A very cool and wet August is just the latest turn in a rather unusual year for forage production in Oklahoma. Waves of wet and dry and warm and cool weather have made it difficult to assess forage conditions across the state. According to the Oklahoma Mesonet, every climate region of the state has received above average rainfall the past 30 days, ranging from 139 percent of normal in the Panhandle to 268 percent of normal in the Southeast. However, the latest Drought monitor shows 70 percent of Oklahoma with abnormally dry conditions or worse, including 26 percent in severe drought or worse (D2-D4).
To be fair, the Mesonet totals include rain this past week which will not be reflected in the Drought Monitor until the new report is issued later this week, when drought improvement is anticipated. Nor does this in any way suggest that the Drought Monitor is anything less than a valuable tool. However, it does highlight the fact that the Drought Monitor captures longer term average conditions and is limited in the ability to adjust quickly to highly variable short term weather changes. It is clear that no single or simple weather measure is adequate to assess forage conditions this year, not only in Oklahoma, but across much of the country as well.
The latest Crop progress report shows U.S. average pasture and range conditions at 30 percent poor to very poor, up from 22 percent one year ago. In Oklahoma, 23 percent of pastures are currently rated poor to very poor, compared to seven percent this time last year. Regional pasture conditions have higher percentages of poor to very poor conditions in the West, Southern Plains, Corn Belt, Northeast and Southeast. Only the Great Plains region (CO, KS, MT, NE, ND, SD and WY) has a smaller percentage of poor and very poor pasture conditions this year. The Drought Monitor shows that 20.02 percent of the U.S. is currently in severe drought or worse (D2-D4). This compares to 5.33 percent at this time last year.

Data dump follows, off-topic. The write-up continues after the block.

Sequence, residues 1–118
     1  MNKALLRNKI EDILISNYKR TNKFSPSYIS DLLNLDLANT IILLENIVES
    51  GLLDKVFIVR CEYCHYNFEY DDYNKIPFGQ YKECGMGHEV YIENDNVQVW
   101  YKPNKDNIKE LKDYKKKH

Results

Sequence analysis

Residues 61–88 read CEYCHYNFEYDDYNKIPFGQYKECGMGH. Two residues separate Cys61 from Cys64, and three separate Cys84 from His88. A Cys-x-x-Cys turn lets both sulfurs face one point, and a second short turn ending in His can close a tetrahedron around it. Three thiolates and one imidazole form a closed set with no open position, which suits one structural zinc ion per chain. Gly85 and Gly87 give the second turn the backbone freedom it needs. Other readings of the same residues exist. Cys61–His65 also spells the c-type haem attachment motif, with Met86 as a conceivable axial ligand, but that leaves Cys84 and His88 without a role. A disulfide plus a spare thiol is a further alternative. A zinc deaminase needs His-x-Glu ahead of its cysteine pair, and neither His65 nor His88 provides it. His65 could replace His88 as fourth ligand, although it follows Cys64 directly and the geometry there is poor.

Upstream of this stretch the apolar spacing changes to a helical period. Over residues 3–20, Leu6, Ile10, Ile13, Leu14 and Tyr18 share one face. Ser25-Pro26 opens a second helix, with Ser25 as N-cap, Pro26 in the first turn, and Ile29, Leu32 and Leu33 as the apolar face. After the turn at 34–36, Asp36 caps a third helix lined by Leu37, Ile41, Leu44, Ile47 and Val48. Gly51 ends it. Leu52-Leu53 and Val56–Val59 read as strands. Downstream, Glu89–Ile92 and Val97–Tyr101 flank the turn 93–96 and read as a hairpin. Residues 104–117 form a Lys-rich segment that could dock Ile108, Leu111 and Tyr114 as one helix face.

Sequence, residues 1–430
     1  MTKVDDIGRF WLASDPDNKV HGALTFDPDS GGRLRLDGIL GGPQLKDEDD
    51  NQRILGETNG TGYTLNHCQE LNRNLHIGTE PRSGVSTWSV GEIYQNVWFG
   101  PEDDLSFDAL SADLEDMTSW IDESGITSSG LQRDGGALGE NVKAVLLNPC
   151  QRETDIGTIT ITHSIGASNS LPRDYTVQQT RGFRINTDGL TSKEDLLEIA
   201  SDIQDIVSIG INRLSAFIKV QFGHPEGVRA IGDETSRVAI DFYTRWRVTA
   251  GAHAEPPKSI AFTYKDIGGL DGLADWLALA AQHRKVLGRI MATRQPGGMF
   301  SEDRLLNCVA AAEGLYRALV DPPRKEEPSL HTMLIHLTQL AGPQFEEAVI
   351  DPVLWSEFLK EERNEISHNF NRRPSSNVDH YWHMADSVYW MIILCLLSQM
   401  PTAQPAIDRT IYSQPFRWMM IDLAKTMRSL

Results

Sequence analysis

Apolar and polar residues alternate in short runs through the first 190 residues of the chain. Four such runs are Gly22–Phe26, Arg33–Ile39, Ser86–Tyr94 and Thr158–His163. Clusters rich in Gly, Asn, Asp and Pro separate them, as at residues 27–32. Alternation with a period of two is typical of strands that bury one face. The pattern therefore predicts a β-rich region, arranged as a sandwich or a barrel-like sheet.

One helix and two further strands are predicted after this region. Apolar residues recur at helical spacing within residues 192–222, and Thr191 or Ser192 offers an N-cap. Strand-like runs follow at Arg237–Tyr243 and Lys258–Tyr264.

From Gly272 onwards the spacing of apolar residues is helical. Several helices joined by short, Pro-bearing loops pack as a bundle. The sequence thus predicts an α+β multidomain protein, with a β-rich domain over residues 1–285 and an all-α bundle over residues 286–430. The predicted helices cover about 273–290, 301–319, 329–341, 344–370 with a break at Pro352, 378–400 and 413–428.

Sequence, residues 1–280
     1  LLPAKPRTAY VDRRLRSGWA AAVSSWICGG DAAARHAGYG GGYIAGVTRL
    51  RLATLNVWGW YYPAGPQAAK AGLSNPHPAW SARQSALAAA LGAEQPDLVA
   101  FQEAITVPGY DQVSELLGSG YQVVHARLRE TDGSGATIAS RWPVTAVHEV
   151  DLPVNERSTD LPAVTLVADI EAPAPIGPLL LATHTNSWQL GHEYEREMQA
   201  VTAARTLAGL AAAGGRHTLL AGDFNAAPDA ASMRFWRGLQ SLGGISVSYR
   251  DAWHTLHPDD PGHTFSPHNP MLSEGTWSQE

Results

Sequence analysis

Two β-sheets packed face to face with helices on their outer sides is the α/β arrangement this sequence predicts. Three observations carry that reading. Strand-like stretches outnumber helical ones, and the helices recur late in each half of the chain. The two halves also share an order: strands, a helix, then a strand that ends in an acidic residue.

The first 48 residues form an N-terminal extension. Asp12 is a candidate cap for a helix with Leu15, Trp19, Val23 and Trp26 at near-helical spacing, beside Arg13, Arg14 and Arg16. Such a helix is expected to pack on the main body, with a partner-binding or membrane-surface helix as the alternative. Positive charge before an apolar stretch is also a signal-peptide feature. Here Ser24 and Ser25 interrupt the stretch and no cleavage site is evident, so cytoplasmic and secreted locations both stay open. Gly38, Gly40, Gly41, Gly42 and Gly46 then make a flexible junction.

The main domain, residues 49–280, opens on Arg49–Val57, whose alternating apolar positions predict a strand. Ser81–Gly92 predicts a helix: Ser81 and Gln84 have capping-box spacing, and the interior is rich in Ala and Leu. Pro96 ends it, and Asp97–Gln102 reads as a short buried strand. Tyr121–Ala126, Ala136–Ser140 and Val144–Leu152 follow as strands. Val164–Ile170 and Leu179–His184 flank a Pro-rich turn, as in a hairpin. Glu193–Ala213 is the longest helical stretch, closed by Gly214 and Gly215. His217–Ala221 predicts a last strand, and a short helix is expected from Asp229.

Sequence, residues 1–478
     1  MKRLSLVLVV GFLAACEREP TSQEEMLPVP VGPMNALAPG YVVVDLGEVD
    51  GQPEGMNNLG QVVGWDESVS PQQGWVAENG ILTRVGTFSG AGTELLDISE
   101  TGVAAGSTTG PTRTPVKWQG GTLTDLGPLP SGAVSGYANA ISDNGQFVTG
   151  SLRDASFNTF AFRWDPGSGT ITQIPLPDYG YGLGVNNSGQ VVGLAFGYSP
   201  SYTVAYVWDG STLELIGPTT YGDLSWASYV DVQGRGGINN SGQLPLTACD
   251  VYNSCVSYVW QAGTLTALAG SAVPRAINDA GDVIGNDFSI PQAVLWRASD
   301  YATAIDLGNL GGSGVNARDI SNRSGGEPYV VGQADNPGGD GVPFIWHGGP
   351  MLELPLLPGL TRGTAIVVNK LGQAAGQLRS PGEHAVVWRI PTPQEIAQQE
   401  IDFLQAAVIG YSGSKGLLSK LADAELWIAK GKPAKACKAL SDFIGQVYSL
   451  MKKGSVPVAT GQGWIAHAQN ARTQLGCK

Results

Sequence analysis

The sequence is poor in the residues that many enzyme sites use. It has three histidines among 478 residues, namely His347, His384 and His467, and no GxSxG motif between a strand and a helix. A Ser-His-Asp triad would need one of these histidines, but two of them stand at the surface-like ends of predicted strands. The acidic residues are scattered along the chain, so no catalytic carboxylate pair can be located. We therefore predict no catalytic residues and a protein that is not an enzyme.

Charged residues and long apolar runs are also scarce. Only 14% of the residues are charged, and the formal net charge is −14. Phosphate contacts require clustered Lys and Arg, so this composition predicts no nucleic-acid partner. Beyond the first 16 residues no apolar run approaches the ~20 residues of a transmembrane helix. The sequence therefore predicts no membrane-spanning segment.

The hay situation is perhaps even more difficult to assess this year. The 2018 hay crop year started with U.S. total May 1 hay stocks down 36 percent year over year, and at the lowest level since 2013. Variable summer weather conditions have impacted both quantity and quality of hay production. The latest Livestock Marketing Information Center projections suggest a slight overall increase in hay production of 0.5 percent year over year; with increased alfalfa hay production more than offsetting decreased other hay production. However, the lower beginning stocks mean that overall hay supplies will be tighter and higher prices are expected for all types of hay.
Anecdotal indications are that forage and hay production is variable but probably lower for much of Oklahoma. The start and stop nature of forage growth this season has contributed to Prussic acid and nitrate toxicity in sorghum forages and Johnson grass, with several cattle deaths reported. Producers must continue to monitor and manage grazing and hay production to minimize quality and toxicity problems. August moisture may provide an opportunity to boost forage supplies for fall and winter. Current conditions may facilitate some late season hay production or, better yet for some producers, an opportunity to stockpile pasture for fall and winter. Conditions are looking more favorable for wheat and other cool-season cereal forage production this fall.